Special educational needs and disabilities: The 'forgotten' children

By Phil Shepka
BBC News

  • Published
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Thomas, 13, has not been in full-time education for a year

Most children are back at school after lockdown, but some with special educational needs and disabilities (SEND) have either not returned or are at schools their parents say do not meet their needs. What is life like for these families?

When Ofsted inspectors published their report into SEND provision in Central Bedfordshire earlier this year, it did not make pretty reading.

They found systemic weaknesses, poor quality care plans and reforms that were taking too long in the service, run by Central Bedfordshire Council and the NHS.

It prompted an "extensive improvement plan", but hundreds of parents of SEND children are still not satisfied.

They have signed a petition calling for the sacking of councillors they claim have "failed to understand the depth of the crisis".

'If we were to send him to the wrong school it would break him'

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Joanna says Thomas "hates school"

At the start of September, 13-year-old Thomas saw his brothers go back to school. But he did not.

Thomas has not been in full-time education since October 2019, for reasons including medication issues and exclusions.

Up to then, Thomas, who has "very complex needs", including attention deficit hyperactivity disorder (ADHD), autism spectrum disorder (ASD) and dyslexia, had been in a mainstream school.

His mother Joanna, from Leighton Buzzard, said: "Being in the wrong provision for the past four years has ruined him.

"He hates school, hates learning and he's not been given the skills or strategies to make his own way in the world, which is why we are now fighting. Every child in this country is entitled to an education."

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Thomas has been offered a place at a school an hour and a half away from home

His parents have now taken out bank loans of up to £15,000 in their "fight" to get "adequate provision". They have instructed a solicitor and are taking the council to a tribunal next month.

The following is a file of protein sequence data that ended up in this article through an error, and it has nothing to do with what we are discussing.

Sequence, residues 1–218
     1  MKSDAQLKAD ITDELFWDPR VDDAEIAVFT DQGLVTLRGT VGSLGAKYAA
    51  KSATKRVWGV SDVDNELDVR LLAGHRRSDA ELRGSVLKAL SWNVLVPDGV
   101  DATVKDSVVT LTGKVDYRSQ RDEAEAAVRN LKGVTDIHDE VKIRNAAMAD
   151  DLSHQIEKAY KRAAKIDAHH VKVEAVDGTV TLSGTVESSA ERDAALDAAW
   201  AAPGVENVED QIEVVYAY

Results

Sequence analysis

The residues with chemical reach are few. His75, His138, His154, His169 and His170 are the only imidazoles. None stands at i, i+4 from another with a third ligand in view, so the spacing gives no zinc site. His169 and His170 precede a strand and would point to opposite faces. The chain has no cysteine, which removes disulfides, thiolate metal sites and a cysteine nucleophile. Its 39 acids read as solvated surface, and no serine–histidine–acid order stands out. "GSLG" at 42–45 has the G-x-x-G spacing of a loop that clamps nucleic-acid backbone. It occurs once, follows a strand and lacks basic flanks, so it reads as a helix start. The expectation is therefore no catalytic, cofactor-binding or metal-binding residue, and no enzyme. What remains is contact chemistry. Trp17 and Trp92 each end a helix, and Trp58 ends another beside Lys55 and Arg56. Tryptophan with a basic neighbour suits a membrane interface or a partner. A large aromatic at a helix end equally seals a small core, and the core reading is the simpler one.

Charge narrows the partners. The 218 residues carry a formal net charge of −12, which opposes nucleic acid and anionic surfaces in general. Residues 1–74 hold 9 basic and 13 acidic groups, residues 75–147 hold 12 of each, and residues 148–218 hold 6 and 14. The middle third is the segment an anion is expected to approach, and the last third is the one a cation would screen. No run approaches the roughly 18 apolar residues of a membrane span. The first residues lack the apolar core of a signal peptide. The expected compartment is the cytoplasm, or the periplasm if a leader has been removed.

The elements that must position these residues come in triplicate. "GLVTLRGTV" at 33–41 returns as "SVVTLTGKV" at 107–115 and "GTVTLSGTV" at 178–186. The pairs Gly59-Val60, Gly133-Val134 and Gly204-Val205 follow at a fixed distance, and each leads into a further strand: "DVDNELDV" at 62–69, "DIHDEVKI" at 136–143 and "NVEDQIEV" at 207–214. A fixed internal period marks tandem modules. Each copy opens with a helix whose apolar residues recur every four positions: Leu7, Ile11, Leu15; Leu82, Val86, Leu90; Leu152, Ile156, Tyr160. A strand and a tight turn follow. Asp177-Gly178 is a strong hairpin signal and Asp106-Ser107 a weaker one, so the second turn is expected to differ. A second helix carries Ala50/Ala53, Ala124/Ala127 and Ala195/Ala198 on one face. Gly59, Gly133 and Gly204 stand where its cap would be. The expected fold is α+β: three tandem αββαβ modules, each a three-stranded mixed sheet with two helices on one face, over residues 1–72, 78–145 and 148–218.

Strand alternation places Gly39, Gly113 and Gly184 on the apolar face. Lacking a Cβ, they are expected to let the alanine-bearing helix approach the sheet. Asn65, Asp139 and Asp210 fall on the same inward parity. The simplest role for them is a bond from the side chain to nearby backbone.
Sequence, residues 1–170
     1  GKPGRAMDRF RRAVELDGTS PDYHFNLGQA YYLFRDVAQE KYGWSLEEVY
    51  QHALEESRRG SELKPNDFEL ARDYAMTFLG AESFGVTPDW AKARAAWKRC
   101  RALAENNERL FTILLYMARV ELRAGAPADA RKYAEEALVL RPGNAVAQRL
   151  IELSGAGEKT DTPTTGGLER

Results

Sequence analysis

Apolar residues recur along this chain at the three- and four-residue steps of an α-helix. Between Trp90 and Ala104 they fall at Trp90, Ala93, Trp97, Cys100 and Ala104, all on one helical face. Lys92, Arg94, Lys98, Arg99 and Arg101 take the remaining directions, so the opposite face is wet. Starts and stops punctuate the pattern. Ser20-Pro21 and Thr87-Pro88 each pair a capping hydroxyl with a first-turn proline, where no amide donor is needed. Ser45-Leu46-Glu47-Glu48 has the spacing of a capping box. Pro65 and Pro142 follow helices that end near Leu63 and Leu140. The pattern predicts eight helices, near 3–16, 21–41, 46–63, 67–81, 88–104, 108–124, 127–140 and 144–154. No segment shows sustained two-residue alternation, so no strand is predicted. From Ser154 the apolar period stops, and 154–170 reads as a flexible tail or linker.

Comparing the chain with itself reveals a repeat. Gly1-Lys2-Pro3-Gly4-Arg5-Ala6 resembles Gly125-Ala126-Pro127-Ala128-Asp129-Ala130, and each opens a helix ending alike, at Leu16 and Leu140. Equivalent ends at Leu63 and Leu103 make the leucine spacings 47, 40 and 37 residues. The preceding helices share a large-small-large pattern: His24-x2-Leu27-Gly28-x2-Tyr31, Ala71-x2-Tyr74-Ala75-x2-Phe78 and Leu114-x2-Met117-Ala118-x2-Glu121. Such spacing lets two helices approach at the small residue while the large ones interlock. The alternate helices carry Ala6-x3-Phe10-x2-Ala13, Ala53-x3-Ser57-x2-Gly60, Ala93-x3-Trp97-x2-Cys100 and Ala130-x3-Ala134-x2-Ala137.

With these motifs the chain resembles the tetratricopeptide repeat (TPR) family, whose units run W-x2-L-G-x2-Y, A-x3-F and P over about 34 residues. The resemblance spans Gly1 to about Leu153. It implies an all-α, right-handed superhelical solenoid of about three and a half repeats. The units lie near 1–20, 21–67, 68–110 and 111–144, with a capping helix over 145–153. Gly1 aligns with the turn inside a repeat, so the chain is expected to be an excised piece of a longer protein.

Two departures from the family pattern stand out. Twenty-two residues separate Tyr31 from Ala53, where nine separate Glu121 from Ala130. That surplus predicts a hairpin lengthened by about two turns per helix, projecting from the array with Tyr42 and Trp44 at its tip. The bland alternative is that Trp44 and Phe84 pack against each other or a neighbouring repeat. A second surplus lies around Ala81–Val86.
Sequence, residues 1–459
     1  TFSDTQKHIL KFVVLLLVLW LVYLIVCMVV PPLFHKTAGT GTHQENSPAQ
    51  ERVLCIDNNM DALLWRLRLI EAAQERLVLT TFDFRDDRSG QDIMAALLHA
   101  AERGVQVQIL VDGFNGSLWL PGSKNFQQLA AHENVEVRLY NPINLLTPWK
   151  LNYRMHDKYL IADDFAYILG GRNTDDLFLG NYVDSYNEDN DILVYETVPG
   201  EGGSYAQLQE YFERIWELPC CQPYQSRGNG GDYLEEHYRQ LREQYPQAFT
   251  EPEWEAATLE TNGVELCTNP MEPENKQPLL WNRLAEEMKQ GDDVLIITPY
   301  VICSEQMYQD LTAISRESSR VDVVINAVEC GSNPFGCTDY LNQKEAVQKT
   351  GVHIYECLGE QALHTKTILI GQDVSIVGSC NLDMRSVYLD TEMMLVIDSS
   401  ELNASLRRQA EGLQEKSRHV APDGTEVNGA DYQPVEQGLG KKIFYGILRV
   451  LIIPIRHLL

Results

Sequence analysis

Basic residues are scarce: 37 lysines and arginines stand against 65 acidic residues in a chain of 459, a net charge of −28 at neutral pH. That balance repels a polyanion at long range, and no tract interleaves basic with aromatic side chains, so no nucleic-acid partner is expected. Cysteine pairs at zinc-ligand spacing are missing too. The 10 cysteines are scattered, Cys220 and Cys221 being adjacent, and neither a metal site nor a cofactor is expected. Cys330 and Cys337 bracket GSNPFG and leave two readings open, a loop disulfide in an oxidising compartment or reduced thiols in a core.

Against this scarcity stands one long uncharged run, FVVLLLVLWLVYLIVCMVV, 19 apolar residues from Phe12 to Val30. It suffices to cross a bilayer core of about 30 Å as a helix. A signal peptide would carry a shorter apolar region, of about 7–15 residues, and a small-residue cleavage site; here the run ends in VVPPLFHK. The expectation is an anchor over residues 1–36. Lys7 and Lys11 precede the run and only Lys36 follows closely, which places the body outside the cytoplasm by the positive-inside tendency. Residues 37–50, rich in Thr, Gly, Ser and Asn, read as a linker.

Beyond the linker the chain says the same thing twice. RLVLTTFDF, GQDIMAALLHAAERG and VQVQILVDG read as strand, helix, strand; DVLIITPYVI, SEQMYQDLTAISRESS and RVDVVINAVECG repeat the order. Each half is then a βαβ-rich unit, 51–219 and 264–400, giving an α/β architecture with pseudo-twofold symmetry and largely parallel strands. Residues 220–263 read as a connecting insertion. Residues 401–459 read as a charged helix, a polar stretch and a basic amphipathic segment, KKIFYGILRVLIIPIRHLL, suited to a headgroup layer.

She said they were "not alone" and had heard "some horrendous stories" from those in similar situations, including people who had remortgaged their homes.

Thomas has been offered a place in a school with an autism unit, an hour and a half away from home.

Joanna said his complex needs made it "completely unsuitable".

"I feel like we've been forgotten," she said.

"I have a 13-year-old son that has no confidence; he's got no self-esteem, no friends; he's seen his other brothers go back to school and... he told me and my husband he was depressed.

"He said he desperately wants to go to school, but if we were to send him to the wrong school it would break him."

'I'm never off the phone'

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Lisa said she quit her job to concentrate on helping her son

Inspectors found major issues in Education, Health and Care Plans (EHCP) for children in Central Bedfordshire, describing them as "inconsistent and often of poor quality".

The plans are supposed to outline any special educational needs a child has, and the provision a local authority must put in place to help them.

Lisa, from Stotfold, said her 11-year-old son with ADHD and autism was in a mainstream school with an EHCP that was "extremely vague and very difficult to put into practice".

"He's gone back to school and he is refusing to do any work, breaking [coronavirus] bubbles; [has] threatened teachers and teachers' property," she said.